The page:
I'm about half way through Closing the Food Gap by Mark Winne and getting really mad. So many of the issues in the news today were identified so many years ago. Mark and his confreres started working on food and community issues in Hartford, CT in the SEVENTIES and were developing creative solutions to food deserts and food insecurity in urban areas. How is it possible that we would still be dealing with the same issues today?
In his book, Mark is candid about successes and failures — like a community co-op that closed after 19 months because of a lack of management expertise and financing. But beyond financing, he says, co-ops and farmers markets succeed when they appeal to a “well-educated member/customer base with a highly evolved food consciousness.” What lower income communities want is easy access to an up-to-date chain supermarket with broad selection and lower prices.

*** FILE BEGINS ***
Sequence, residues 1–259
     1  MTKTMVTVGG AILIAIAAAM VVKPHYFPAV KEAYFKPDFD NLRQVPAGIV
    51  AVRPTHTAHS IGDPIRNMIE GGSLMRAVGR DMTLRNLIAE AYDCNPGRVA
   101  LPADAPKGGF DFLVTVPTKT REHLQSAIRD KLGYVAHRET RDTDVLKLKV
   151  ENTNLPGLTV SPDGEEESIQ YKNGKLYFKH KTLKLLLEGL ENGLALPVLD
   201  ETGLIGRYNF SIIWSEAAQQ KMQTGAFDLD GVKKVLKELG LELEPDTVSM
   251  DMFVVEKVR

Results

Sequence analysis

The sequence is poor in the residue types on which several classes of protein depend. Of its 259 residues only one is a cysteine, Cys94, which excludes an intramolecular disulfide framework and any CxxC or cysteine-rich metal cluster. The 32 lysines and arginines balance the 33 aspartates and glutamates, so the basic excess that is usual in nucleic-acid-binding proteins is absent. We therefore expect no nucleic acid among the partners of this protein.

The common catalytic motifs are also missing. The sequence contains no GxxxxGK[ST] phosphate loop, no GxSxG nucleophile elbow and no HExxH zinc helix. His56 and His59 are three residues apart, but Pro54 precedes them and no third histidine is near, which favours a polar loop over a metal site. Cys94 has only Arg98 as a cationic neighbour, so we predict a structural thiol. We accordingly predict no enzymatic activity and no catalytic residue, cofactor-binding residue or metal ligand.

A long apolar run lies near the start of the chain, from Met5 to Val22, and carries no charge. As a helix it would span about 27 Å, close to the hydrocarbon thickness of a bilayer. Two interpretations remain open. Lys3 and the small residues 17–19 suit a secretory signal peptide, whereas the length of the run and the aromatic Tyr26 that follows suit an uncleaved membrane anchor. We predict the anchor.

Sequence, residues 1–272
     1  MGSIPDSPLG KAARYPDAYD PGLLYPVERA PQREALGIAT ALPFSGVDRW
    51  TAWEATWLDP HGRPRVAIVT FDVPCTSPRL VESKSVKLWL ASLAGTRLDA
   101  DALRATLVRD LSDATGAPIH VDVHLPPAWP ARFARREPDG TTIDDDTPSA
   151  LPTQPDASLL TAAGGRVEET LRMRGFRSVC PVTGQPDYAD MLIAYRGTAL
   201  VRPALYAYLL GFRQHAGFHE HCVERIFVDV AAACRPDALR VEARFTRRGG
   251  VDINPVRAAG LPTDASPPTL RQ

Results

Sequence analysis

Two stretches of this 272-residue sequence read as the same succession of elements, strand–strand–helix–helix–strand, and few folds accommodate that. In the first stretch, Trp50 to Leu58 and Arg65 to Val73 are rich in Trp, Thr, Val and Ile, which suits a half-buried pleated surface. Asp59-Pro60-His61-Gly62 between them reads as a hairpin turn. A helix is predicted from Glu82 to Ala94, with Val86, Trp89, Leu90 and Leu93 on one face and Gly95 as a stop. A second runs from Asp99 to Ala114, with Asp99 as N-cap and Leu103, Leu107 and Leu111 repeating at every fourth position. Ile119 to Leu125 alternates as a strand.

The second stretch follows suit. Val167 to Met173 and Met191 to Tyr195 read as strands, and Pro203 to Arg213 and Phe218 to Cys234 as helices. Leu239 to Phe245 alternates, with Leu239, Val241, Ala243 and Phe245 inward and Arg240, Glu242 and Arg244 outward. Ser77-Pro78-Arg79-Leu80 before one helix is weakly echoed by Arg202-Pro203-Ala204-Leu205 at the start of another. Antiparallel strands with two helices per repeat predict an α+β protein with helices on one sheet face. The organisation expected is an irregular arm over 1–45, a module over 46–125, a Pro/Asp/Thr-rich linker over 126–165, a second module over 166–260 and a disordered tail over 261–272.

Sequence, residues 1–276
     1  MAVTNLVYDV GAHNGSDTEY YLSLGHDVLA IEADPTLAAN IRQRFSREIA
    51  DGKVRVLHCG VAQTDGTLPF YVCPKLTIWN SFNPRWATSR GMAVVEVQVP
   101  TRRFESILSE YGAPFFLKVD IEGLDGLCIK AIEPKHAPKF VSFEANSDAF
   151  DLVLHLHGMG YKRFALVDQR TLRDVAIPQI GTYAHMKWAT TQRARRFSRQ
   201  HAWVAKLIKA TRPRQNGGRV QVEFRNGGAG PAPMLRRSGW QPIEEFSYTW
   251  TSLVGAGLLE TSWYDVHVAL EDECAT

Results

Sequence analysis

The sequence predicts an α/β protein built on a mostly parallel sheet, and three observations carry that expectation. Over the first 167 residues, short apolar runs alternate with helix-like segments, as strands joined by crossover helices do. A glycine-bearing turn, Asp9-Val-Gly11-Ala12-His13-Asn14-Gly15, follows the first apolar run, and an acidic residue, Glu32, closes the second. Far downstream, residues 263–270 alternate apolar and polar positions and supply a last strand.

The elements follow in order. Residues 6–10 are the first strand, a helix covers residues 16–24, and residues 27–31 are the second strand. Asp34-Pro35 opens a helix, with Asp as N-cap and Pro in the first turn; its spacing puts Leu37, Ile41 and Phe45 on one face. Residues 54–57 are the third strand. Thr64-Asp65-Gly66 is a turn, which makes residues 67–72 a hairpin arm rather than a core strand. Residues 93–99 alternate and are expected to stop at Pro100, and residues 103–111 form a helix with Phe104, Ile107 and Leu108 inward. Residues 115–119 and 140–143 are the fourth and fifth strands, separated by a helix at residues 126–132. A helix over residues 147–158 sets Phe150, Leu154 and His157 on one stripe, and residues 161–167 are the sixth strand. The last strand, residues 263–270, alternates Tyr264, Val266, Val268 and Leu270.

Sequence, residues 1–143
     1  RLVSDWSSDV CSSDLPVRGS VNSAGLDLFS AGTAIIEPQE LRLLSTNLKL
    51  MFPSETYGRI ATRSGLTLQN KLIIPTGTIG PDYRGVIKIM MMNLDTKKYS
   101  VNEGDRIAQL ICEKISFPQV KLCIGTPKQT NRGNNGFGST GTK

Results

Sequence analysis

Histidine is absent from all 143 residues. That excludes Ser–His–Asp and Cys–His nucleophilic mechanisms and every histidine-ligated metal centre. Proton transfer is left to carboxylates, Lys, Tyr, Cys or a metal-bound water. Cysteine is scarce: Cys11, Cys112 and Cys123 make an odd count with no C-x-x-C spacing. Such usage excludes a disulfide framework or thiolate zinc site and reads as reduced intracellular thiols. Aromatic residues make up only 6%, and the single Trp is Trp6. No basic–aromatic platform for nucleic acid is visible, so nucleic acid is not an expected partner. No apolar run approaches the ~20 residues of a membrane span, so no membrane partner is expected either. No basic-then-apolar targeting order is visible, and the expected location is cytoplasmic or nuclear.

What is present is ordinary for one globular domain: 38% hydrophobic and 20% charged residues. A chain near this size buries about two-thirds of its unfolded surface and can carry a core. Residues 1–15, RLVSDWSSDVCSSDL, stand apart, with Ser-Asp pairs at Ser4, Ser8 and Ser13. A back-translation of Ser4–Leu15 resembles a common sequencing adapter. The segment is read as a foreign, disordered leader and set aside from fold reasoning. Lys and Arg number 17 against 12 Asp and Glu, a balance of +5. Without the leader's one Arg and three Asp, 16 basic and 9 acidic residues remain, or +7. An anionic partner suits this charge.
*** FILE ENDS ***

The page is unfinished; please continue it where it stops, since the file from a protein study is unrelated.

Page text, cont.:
While our region does have fairly good grocery store representation in our cities, there remains a food chasm between local food producers and low income consumers. The chain stores carry token amounts of local produce but to eat local/organic you must go to the co-op, farmers markets, or invest $450 in advance in a CSA — all of which are barriers to busy, cash strapped families.
So this morning my frustration dissipated just a little when I read what the Capital District Community Gardens is doing. Since 2007 Community Gardens has been hosting Veggie Mobiles, which deliver fresh, locally grown produce to low income neighborhoods. On Wednesday, they launched an online marketplace — a "Virtual Veggie Mobile" — stocked by more than a dozen local farmers from around the region. This wholesale marketplace will serve group homes schools, hospitals, day care centers, restaurants and convenience stores. It’s an ambitious and holistic approach to bridging the food chasm. To learn more, or sign up your organization to purchase whole foods wholesale, visit market.cdcg.org.